Most helpful positive review
6 of 6 people found the following review helpful
on April 21, 2009
The Quick & Dirty:
Soulive returns with a gritty, soulful, funky musical statement that's sure to please.
After the experimentation that was "No Place Like Soul", the legendary jazz/soul outfit Soulive strips down to the basics to produce a musical statement that's as familiar as an old 12" and at the same time fresh as the sunrise.
First of all, the mixes on "Up Here" are extraordinary, taking the lo-fi feel of earlier work ("Get Down") and adding the slightest gloss to it to keep things interesting. The panning of similar elements vary from track to track, so things feel less predictable and more like each track is its own little universe. The vocal mixes are excellent, too, with Nigel Hall's work feeling like it is work that was recorded contemporaneously with Sam Cooke and James Brown. As a result, "Up Here" crackles with urgent intensity and unbridled creative energy.
The composition and instrumentation is exactly what we would expect from such a technically sound outfit: sharp, expressive, subtle and intelligent. No one overplays, and even the solos (as outstanding as they are) are kept to a minimum bar count to let the rest of the music breathe and groove. The core ingredients of Soulive (Alan on drums; Neal on bass keys and organ, clavinet and upright piano; Kraz on guitars) do what they do best: interplay, support and compliment. The extraneous elements (the Shady Horns and the afoementioned Hall on vocals) add that little extra garnish to put the project over the top. Just a really pleasing listen all around.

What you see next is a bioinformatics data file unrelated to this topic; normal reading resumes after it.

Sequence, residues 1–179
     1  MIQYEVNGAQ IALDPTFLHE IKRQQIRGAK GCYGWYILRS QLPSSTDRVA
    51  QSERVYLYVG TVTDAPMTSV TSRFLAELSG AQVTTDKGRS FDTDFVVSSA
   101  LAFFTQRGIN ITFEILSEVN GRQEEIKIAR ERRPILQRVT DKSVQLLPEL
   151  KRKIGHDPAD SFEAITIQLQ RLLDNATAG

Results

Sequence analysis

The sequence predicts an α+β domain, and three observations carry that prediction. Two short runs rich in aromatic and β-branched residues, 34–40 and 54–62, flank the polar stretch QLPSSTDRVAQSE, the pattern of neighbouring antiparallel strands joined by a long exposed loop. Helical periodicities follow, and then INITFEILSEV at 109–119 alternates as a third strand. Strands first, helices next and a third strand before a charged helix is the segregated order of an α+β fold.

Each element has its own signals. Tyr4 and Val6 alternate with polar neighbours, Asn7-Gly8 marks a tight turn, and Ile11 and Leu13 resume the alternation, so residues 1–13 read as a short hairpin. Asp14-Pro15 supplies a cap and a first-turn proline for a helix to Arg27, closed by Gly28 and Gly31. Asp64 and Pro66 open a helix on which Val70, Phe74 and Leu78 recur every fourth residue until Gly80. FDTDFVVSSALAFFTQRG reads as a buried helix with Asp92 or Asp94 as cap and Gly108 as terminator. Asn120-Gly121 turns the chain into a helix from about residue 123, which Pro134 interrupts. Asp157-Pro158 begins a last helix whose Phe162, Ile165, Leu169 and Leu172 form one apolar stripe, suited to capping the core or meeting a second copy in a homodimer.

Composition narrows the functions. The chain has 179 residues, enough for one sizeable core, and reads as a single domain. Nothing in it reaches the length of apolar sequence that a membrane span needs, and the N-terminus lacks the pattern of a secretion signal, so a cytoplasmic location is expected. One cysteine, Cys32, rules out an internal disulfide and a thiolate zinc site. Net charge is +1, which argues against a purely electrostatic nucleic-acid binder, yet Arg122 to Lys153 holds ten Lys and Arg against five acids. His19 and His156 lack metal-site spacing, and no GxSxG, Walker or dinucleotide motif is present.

A few outstanding tracks are the hip-hop soul of "The Swamp", the 60's groove of "Too Much", and the slinky flow of "PJs".
That is not to say, though, that "Up Here" is perfect. While "Too Much" is a great blend of old soul, emotive vocals and thoughtful lyrics, "Tonight" shows how easily the same approach can fall flat if not executed well. With its forced vocals (someone should pay James Browns' estate royalties for Hall's plagiarism), trite lyrics and confusing phrasing, "Tonight"'s only saving grace is the groove that takes the song out.
And "Prototype", a cover of Andre 3000's outstanding song from "The Love Below", is uncharacteristically mediocre. Soulive's rendition doesn't take anything off the table, but doesn't bring anything to the table, either. What made Andre 3000's version work was the simple approach: sparse hip hop drums, flowing bassline and the laissez faire, proudly imperfect approach to the vocal work (a la The Ohio Players' Sugarfoot). On Soulive's attempt, the drums drive, but are reverb-heavy, so you lose the crispness of the groove; Hall's vocals are a little weak and vibrato-heavy in the falsetto range; and towards the end the song gets a little muddy, but is rescued by Kraz' flowing solo into the fade. Yes, it's different, and I would rather not have a carbon-copy done when it comes to covering existing compositions, but I was expecting something more, something greater.
The Bottom Line:
Self-produced and recorded, "Up Here" takes a familiar formula (tight arrangements, energetic delivery, amazing solos) and seasons it just right with accentuating elements (funky horn licks, a smidge of vocals), producing a well-rounded and engaging piece of work.
Welcome back fellas. We missed you.